The next part of my preparation involved actually coming face-to-paint with this piece (-yay!). Myself and a colleague (Fiona Ford, registrar) visited the piece in store, in order to review the condition check before packing. This is done so that we can keep an eye on the condition of the painting before and after transit to Bath, before and after the exhibition, and before and after it has gone on loan and been returned. It was during this condition check that I really got the chance to indulge in the piece. This painting really does demand attention – it requires the viewer to attend for a lengthy period of time, and will not let you leave easily. I found myself (four hours later) still finding aspects of it that I had not thought of before, and if you will, dear reader, let me share those with you.

(I hasten to add that although I am an art lover, I have not studied art, in the practical sense, academically. I say this in order to allow myself room for error, and to allow others who are similar (-having not studied art), to engage, agree/disagree with me on my findings.)

As with most pieces of art, this painting asks more questions than it answers. And with its different names, the meaning behind it is enigmatic.

If, for example, we take the name of this piece as ‘The Rent Collector’ we are positioned to assume that the man far right, with his jauntily placed black hat and thoughtful expression, is there in an official capacity. He is there merely to collect these poor wretches ever-so-dear ‘rent’. As we can see, all are attempting to pay with everything that is not money: a chicken, a basket of eggs, a bunch of grapes. This therefore makes the painting both dark and harrowing – these people that have no money for rent, are now handing over their precious food stuffs, to leave (we assume) to hunger, and a life not made much better by this moment.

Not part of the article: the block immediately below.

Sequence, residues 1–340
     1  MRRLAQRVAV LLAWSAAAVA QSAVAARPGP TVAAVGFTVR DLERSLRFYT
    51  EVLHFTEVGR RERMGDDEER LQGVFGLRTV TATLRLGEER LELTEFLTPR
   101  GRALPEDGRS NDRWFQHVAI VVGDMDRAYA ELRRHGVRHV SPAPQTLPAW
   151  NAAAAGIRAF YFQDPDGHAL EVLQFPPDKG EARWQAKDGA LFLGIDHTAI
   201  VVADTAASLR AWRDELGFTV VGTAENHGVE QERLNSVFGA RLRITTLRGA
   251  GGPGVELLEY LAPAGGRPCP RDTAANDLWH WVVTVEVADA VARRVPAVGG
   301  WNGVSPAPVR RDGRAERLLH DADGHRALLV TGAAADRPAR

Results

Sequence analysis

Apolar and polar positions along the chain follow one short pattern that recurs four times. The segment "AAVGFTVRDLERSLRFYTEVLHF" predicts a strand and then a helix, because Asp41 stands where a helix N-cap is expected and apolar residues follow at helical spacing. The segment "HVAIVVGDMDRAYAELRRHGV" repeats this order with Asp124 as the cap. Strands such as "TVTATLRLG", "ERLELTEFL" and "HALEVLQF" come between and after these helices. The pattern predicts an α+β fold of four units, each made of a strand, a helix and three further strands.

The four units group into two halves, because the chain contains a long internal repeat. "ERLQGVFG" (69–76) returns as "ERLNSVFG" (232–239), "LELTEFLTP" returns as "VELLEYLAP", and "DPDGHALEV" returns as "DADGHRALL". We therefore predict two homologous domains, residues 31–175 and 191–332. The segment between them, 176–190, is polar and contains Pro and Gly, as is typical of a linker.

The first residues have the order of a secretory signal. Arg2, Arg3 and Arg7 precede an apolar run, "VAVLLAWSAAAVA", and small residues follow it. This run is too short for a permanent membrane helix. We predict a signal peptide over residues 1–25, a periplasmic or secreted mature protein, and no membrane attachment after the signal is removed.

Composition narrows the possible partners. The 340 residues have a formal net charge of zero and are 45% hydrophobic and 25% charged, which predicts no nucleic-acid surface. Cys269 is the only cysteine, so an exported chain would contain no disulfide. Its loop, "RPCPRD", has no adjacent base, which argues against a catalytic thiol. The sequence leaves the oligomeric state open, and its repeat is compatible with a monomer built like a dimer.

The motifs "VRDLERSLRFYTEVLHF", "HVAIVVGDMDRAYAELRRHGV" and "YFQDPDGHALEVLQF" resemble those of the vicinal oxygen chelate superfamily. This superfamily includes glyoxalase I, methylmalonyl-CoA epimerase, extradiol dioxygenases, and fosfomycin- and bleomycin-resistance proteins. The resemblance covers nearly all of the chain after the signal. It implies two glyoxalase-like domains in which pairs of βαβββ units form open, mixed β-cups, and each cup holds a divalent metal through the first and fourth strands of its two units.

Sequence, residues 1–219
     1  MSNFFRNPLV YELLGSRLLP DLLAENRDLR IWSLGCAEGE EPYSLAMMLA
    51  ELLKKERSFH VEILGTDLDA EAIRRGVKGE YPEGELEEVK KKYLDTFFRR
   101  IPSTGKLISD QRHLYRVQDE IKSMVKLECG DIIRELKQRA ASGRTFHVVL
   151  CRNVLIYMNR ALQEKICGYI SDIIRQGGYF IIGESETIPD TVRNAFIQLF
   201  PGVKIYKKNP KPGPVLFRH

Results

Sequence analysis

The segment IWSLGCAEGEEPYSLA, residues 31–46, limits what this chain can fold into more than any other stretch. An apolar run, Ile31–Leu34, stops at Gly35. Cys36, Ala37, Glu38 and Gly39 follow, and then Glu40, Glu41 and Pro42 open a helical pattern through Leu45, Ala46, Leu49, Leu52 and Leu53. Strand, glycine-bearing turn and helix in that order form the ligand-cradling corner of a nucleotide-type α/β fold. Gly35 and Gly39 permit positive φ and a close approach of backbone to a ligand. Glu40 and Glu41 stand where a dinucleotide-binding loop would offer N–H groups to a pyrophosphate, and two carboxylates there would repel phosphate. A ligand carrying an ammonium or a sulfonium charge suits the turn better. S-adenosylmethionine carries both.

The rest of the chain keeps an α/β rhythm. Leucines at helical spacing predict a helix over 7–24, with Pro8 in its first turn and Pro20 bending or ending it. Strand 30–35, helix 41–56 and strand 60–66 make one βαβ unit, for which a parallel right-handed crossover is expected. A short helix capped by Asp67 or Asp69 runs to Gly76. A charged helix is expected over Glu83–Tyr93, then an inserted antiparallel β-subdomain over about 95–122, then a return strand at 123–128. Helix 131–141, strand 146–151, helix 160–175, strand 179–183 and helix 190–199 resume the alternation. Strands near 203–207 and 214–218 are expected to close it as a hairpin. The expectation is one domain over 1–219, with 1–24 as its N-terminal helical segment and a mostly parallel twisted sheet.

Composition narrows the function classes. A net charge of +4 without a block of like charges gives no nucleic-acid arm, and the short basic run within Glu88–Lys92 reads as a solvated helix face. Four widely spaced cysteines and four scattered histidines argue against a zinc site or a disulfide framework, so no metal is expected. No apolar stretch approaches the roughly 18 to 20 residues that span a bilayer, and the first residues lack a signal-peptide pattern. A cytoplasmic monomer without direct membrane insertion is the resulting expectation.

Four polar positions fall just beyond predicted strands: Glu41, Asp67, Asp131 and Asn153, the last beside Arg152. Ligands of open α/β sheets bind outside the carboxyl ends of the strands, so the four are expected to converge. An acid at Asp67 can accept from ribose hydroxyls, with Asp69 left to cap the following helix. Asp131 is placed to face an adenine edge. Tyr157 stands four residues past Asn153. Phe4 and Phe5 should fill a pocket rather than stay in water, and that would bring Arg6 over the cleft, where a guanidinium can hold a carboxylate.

If, however, we take a different name for this piece, and instead assume that it is titled ‘Village Lawyer,’ the man in the black hat becomes less of a dark presence within the piece, and instead is a welcome relief to those clutching their food within.

This title encourages us to focus on this encounter closer:

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The man seen pointing and whispering into Black Hat’s ear, we can assume is a peasant, with his clothes filled with patches, and his tanned skin. The expression, and meaning, of ‘Black Hat,’ who I assume to be the Village Lawyer in this scene, changes with the title. Instead of a discerning, prudent and imposing presence, he becomes a wily, (seemingly) intelligent lawyer attempting to work through tons of paperwork in what I can only assume to be a helpful way. The total scene shifts and my focus moves from ‘Black Hat’ (or lawyer), to the man sitting slightly left of centre, quietly working through papers.

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This man now becomes the official figure, there to record the present scene, but who does not seem a helpful or welcome presence by his fellow characters. I presume this from the wide berth given to him, the clear sight-line we are afforded to stare at him, and also the emotions of the surrounding figures. If we look closely (and use a wild leap of imagination) we can see that those nearest to this gentlemen hold expressions of:

Sadness

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Anger

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And in other cases, seem to hide altogether:

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Now, that is not to say that all the rest of the people in the scene look wildly happy to be there, but if we focus again on the man talking to ‘Black-Hat’ (-I like the name, so will continue using it):

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Although it does feel that there is desperation in his face, I can see, dare I say it, some excitement there. Maybe at the possibility of paying less, getting off, or some of other positive possibility from speaking to ‘Black-Hat.’